Happy Thanksgiving everyone. Hope your day is a relatively low stress affair.
Just some basketball links I need to clear through.
Finishing up the loose ends from the Legends Classic.
Coach Jamie Dixon is making no apologies for doing this tournament, even if the competition was a bit lacking.
Though the Panthers are no longer in the Big East, Dixon said they will always try to play games and in events in the New York City area because it is good for recruiting and an area Pitt fans enjoy going to.
“We have asked to be in New York whenever we can,” Dixon said. “We like this type of environment. I told the guys before the game, ‘Do you understand that we’re playing in an NBA arena, NBA locker rooms and practicing on the Brooklyn Nets practice court?’ We have a lot of alumni around here, we have had a lot of players from around here, so coming here fits us in every way.”
The Legends Classic is run by the Gazelle Group. All three of their early season tournaments — Legends, 2K Sports Classic and Black Rock Gotham Classic — are NYC based tournaments. Pitt and Coach Dixon have made an effort to work with Gazelle Group for that reason. They want to play in NYC when possible. Gazelle Group operates 3 of the 5 tournaments in the area.
While Pitt never played Houston while in Brooklyn, Lamar Patterson and Talib Zanna got to hang out with their old friend J.J. Richardson.
Like Patterson and Zanna, Richardson was part of Pitt’s incoming freshman class in the summer of 2009. The trio quickly bonded, but their time as teammates ended when Richardson elected to transfer to Houston in the summer of 2011.
“I transferred so I could be closer to home, with my family and so I could have more playing time wherever I went,” said the native of Missouri City, Texas. “I have some regrets about leaving, but everything happens for a reason. I am happier with my situation at Houston.”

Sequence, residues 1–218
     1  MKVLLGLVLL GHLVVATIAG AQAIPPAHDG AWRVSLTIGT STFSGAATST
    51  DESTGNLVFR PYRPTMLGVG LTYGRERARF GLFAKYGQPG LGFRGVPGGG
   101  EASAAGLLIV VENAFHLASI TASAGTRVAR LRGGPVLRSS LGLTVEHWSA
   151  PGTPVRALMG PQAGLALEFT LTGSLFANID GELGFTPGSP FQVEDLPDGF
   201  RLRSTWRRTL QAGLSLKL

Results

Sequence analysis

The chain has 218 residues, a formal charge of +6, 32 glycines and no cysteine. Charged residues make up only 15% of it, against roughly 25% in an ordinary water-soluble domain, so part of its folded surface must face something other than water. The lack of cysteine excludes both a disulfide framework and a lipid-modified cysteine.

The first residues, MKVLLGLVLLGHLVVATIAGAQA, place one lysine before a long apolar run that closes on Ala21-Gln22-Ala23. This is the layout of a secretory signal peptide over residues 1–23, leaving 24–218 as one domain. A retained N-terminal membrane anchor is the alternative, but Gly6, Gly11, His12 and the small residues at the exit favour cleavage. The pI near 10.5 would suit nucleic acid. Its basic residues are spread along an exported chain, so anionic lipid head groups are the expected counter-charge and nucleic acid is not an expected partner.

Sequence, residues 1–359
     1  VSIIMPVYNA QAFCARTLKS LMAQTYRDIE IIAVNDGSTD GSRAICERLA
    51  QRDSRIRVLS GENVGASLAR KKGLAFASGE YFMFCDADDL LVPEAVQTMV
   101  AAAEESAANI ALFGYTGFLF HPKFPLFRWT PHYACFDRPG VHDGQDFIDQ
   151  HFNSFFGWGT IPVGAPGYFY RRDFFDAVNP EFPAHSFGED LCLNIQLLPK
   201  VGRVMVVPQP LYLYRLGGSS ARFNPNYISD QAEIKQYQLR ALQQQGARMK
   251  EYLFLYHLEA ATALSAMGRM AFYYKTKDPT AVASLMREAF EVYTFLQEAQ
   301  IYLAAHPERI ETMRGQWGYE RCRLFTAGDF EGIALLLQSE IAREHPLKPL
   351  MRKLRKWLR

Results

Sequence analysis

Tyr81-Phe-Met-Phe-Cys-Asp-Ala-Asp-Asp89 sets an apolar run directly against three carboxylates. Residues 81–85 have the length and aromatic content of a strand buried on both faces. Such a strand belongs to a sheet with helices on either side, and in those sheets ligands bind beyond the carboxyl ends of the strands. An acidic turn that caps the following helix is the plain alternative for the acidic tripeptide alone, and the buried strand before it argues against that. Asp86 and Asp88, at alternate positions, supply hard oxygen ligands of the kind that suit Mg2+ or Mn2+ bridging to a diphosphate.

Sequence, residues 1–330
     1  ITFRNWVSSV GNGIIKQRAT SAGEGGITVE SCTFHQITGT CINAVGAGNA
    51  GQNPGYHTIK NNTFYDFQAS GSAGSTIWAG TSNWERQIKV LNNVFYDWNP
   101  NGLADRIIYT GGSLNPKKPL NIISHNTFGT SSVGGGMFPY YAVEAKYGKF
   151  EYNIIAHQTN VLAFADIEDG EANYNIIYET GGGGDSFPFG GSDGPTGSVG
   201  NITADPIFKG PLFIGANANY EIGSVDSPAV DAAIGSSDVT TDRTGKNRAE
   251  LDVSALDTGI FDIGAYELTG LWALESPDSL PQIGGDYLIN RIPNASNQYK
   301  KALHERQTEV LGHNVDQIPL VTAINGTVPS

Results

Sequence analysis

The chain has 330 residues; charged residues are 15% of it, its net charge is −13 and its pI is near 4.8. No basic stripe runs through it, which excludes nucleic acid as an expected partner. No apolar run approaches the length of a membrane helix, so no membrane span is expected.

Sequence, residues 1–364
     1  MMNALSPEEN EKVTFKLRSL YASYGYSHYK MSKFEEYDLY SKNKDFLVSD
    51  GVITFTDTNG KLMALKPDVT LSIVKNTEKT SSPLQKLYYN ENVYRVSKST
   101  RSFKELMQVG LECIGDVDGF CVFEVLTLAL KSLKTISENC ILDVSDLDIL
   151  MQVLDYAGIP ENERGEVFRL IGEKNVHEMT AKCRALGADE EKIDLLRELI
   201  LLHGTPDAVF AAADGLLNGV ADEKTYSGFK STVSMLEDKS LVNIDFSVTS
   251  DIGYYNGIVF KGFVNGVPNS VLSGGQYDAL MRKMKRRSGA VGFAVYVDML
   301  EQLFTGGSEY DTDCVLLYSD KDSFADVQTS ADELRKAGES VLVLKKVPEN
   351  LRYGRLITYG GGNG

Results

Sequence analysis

With the first trip back to the area, Derrick Randall had a couple focus stories. Getting to Pittsburgh has been very good for him. On and off the court.
Assistant coach Brandin Knight, who’d recruited Randall, showed him an open door at Pitt.
“He was going to take me under his wing and treat me like I am one of his,” Randall said. “All of this change and it’s going better than I thought it would.”
The 6-9 Randall averages 4.4 points and 6.8 rebounds in 17 minutes and his healing goes on. He goes to therapy with a psychiatrist. And he says his new teammates — the NCAA granted him immediate eligibility as a result of the Rutgers scandal — also help him talk things through when he is down.
“I feel like I am finally away from the (stress), I’m calmer,” he said “I have a team that comforts me and basketball is fun again.”
It wasn’t just the Mike Rice stuff. Randall lost his mother to cancer in May. His father sees the difference.
There has also been an attitude change, his father says. After two years at Rutgers, Brian Randall said it seemed like his son no longer liked basketball. His confidence nose-dived. More than anything, Brian Randall believes, his son’s psyche was fractured.
“I don’t know what happened in two years but it’s like they destroyed it in him,” Brian Randall said.
Tonight, Brian Randall will get a chance to watch his son for the first time this season and at least 10 family members will be in the arena. He is optimistic about Derrick’s start to the season but knows that ACC play is coming soon and that will bring a bigger opportunity.
And Brian knows that this is for the best — and that the past is behind his son.
“He needed a clean break,” Brian Randall said. “That’s what he wanted. So he could start over and show people what he’s made of.”
Glad he’s happier.